I remember looking at the family as they had their photos taken and seeing an array of colours and smiling people and shedding a tear as I though "my work here is done". Interfaith, or Fusion Weddings are a bit of a speciality of mine, as I studied Theology and Religion at The University of Birmingham, a multi-cultural context if ever there was one! I had a particular interest in Contemporary Spirituality in Britain and so this kind of work is of particular interest.


Do get in touch if you relate to Mia and Ankit's Story and thing you'd like to combine a slice of Yorkshire Ginger Parkin with the beauty and colour of the Seychelles or whatever other wonderful combination you are!

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Updated: Jun 1, 2020

Eliza and Richard


I met Eliza only once, in person. I didn't need to meet her twice. She is totally magnificent and a fellow Celebrant. We have become great online friends and colleagues, each pledging to each other to use the other's services should the need arise. Something about her fierce loyalty and supportiveness is remarkable and unique. She barely knew me at the time but offered huge levels of unconditional support and kindness in the warm gentle tones of a light and comforting Scottish accent.


As you may know I invited lots of people to donate images of their weddings, their family weddings, historic weddings, recent weddings and the stories that go with it. One of the donations were these from Eliza of her very own Special Day, marrying Richard in early Spring 2016..


She and her husband Richard, who I have never met, are featured here in my Making Memories Series. Ironically, one of Eliza's pet hates, quite rightly, is the emphasis of the Wedding Industry upon The Bride...at the expense of The Groom....but Richard, poor thing, won't feature in this blog because I've never met him in my life. All I know is that he looks totally smitten.


The interest for me, in this series, is to enjoy the stories of these couples in their different Social and Historical contexts. To look at the fashions and changes, the choices, the nostalgia for bygone times. The role of Art and Design, and social etiquette. The nature and importance of Memory-making and Special Days and of course, my other constant theme...the importance of our animal families. Dogs, in particular, often feature, even in some of the antique photos. These two are very cute.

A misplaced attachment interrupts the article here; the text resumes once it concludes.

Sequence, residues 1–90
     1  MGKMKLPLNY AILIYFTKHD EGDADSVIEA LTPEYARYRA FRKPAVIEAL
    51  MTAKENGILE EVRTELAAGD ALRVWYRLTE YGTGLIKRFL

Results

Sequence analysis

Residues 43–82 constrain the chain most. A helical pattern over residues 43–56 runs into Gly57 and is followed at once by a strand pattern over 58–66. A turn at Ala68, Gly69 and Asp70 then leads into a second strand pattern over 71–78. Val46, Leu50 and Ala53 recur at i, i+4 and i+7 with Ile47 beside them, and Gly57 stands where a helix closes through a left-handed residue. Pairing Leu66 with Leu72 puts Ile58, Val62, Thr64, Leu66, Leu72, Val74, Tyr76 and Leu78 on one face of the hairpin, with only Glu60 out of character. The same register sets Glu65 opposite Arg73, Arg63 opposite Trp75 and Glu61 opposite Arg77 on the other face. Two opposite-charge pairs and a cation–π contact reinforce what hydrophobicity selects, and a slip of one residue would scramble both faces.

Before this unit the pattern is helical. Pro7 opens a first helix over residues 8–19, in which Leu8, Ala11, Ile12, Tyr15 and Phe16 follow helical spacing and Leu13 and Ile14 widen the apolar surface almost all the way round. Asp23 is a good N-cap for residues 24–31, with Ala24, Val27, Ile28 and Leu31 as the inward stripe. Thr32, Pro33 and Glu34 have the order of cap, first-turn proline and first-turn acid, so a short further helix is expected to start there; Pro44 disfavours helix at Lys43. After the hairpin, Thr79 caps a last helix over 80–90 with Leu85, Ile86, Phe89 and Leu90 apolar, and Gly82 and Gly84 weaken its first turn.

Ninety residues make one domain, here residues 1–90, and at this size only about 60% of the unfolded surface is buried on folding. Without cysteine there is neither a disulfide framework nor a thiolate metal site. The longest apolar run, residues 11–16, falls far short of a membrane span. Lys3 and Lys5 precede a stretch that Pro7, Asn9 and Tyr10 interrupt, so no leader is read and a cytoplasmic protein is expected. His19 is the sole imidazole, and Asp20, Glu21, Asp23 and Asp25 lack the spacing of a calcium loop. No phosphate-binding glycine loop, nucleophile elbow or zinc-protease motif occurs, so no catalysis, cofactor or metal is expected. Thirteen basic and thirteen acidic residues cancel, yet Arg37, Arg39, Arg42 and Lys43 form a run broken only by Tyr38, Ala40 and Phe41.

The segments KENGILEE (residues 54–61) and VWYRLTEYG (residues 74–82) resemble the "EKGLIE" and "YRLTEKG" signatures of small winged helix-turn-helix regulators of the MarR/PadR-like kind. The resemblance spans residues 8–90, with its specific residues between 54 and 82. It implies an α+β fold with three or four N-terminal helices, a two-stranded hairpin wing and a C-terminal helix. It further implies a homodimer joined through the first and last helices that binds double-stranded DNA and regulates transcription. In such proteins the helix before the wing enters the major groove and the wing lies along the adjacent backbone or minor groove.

How beautiful this wedding is! Those soft, gentle colours, the tastefulness, the historic motifs and retro-references.The photos seem resonant of The 3 Graces and of Italianate sculptures, the images burst with cultural and historical references, that calm sensitive colour palette oozing sophistication. The wedding took place at Hampton Manor, Hampton in Arden.


Two other friends, sent me images from the 1920s and 30s. One of the photos features a design not dissimilar to the gown and headdress Eliza is wearing here in 2016. It is interesting to see the original designs cropping up later in time. Here, for example is my darling friend Damian's Great Uncle George fresh from the Altar in the 1920s. Damian says "My Uncle George’s Wedding - my Grandfather is on the far left and the bride was the beautiful hearted Winnifred". I was struck by how closely the headdress design 'beautiful-hearted Winnifred" is wearing resembles the one equally 'beautiful-hearted Eliza' chose for their Big Day.






This next image is from my friend Elizabeth, this is her grandparents John and Irene in 1933, a little later, but not dissimilar. A friend of mine remarked upon the huge size of bouquets at that time. Gorgeous aren't they?


Eliza told me that her Wedding Day really was the best day of her life. She got married relatively late in life and has since gone on adventures to live with her husband and son Theo in Andalusia. A bit of a departure from the West Midlands.


Eliza describes their wedding thus:


"we had a 1920's/ Scottish-Charles Rennie Macintosh theme...we even bought chairs (I have a photo of them too) I guess blush? Everything was bought second hand or homemade and we got a low season cheap deal in the venue". She loved every minute as you can tell.


Now, already only 4 years later, Eliza's wedding would have come with a hashtag! I was a bit behind the 'curve' (sorry for using that word) with hashtags. I think they were a 'thing' by then, but not quite the way they are now. Eliza's hashtag might have been #budgetbride, #DIYbride, #thriftybride, and it would have been quite the feature because it was a #lowseason wedding. We can't know whether Great Uncle George and the 'beautiful-hearted Winnifred' got married in or out of 'the season', but my bet is that at that time the getting married was more important than the time of year that you did it. Partly, I suspect (though this might just be me), because you weren't supposed to have sex until you were married. In your early 20s Summer can seem a long time to wait when early Spring is an option!